Article

Keratoconus: Trends in Cross-linking

A look at the treatment protocols and new developments

The corneal collagen cross-linking (CXL) procedure is a minimally invasive, conservative, early intervention for keratoconus. It is indicated for patients with progressive keratoconus or ectasia because it offers the opportunity to preserve visual function by slowing or halting progression of the condition. In 2015, a global Delphi panel published a consensus report recognizing cross-linking as the standard of care for progressive keratoconus.1 (see “Keratoconus: An Overview”).

As we go to press, only one cross-linking platform is FDA-approved: the iLink corneal remodeling platform (Glaukos), consisting of Photrexa Viscous (riboflavin 5’-phosphate in 20% dextran ophthalmic solution), Photrexa (riboflavin 5’-phosphate ophthalmic solution), and the KXL system, approved in 2016.2,3

This article aims to provide a look at the standard epithelium-off CXL and several new developments for the treatment of keratoconus (see “Communication Essential in Implementing Cross-linking”).

Standard Cross-linking

Also known as the Dresden protocol, this standard approach occurs as follows. The central corneal epithelium is debrided, and the corneal stroma is loaded with photosensitizer through the application of drops of riboflavin 5’-phosphate ophthalmic solution at 2-minute intervals for 30 minutes. The epithelial debridement step enables permeation of the riboflavin to the corneal stroma, where photoactivation of the riboflavin with ultraviolet A light (UVA) generates oxygen radicals in the corneal stroma. This effect, in turn, induces the formation of permanent collagen cross-links via photopolymerization.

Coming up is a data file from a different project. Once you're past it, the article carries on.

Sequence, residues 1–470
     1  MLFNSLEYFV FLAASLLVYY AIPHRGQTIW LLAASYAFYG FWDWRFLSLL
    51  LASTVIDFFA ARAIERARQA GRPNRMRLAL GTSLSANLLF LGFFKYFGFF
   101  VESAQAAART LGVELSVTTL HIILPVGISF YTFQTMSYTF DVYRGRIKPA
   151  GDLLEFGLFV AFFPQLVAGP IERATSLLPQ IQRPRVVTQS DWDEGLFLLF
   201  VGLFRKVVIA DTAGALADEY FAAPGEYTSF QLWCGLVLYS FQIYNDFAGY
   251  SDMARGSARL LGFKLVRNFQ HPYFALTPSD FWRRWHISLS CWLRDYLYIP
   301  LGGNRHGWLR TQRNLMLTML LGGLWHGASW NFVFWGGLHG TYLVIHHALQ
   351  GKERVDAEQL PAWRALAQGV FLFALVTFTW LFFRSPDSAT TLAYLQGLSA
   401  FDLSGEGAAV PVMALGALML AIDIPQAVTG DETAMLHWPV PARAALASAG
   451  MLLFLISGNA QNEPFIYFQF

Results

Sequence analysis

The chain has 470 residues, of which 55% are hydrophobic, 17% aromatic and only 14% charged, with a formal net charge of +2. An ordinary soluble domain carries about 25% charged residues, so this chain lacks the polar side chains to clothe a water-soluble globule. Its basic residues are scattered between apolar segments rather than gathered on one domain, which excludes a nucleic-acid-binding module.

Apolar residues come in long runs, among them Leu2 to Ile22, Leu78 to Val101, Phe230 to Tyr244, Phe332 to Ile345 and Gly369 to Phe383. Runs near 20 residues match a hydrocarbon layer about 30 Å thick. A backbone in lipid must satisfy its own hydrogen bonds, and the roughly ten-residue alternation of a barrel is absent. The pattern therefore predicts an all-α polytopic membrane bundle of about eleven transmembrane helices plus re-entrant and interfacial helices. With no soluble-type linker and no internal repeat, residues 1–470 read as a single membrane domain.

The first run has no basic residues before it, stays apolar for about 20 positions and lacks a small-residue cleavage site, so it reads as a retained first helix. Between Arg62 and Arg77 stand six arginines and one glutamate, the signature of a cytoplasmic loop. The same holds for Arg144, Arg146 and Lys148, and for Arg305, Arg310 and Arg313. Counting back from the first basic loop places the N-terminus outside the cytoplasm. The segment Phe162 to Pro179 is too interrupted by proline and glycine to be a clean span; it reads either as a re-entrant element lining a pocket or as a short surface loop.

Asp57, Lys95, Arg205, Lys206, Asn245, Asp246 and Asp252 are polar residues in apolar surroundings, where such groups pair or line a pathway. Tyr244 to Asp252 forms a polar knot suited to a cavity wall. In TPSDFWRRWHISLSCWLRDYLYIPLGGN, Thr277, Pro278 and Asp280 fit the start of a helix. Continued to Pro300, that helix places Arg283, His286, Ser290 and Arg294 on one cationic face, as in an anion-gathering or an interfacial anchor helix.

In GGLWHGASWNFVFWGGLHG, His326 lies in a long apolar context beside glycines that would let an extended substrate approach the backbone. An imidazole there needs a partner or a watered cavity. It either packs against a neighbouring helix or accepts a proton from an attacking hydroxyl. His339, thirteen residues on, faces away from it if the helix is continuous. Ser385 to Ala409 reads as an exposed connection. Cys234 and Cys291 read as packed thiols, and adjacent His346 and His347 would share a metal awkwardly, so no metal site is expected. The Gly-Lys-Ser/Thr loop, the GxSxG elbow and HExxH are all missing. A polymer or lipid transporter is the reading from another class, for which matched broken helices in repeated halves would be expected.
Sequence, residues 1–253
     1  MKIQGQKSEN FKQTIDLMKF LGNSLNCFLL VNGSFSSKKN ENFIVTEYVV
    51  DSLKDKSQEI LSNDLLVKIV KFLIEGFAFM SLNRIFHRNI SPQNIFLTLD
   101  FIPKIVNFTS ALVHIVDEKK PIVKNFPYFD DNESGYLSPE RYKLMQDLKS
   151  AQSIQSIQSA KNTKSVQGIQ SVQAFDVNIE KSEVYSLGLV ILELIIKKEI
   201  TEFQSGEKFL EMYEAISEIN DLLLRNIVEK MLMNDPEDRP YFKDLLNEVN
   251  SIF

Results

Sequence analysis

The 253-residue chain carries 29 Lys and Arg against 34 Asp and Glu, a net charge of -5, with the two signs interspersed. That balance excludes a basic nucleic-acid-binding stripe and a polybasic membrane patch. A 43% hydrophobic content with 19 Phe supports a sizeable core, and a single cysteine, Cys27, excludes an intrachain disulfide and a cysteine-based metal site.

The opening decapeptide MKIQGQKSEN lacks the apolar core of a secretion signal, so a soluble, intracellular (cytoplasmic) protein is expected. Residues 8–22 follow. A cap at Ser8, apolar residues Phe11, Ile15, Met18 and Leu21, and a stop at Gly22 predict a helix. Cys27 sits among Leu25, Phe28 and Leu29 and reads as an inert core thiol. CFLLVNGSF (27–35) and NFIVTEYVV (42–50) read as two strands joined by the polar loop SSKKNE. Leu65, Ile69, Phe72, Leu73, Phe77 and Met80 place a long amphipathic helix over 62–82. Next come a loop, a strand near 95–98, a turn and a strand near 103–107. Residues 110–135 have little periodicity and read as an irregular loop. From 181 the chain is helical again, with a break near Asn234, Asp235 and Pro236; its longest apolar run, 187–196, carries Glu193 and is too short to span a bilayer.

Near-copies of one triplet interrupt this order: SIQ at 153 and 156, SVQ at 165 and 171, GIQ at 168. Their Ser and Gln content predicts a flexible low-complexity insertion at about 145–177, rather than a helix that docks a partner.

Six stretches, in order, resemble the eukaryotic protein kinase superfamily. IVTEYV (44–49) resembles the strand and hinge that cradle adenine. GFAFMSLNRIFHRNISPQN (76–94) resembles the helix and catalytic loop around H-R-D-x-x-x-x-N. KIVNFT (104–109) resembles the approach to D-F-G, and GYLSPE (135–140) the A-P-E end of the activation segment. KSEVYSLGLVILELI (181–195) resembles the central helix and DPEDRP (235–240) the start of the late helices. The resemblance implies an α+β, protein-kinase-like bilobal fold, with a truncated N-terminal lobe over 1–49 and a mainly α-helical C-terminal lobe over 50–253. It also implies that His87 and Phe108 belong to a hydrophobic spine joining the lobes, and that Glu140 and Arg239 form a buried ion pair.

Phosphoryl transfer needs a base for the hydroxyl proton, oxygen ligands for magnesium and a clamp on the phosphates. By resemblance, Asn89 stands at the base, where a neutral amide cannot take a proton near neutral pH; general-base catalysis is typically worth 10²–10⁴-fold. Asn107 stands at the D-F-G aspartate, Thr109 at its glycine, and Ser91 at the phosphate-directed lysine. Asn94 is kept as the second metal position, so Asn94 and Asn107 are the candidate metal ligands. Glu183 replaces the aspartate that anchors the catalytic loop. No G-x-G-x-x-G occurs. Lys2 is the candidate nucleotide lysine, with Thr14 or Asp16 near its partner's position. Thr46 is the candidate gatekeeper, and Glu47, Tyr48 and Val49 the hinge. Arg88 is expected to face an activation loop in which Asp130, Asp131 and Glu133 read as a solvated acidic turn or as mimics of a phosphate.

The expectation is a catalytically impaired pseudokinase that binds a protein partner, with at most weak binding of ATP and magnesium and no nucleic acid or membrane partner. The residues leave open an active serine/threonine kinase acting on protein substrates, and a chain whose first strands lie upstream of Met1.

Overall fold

The anterior chamber is then examined for the presence of a yellow flare, indicating that the photosensitizing solution has saturated the corneal stroma, with additional drops applied at 2-minute intervals as needed until flare is observed. Once flare occurs, the corneal thickness is measured with ultrasound pachymetry. If it is less than 400 µm, a hypo-osmolar riboflavin 5’-phosphate ophthalmic solution is applied at 10- to 15-second intervals to swell the cornea. Corneal pachymetry is rechecked periodically until it reaches 400 µm. The corneal surface is then irradiated with UVA at 3 mW/cm2 for 30 minutes, for a total treatment dose of 5.4 J/cm2.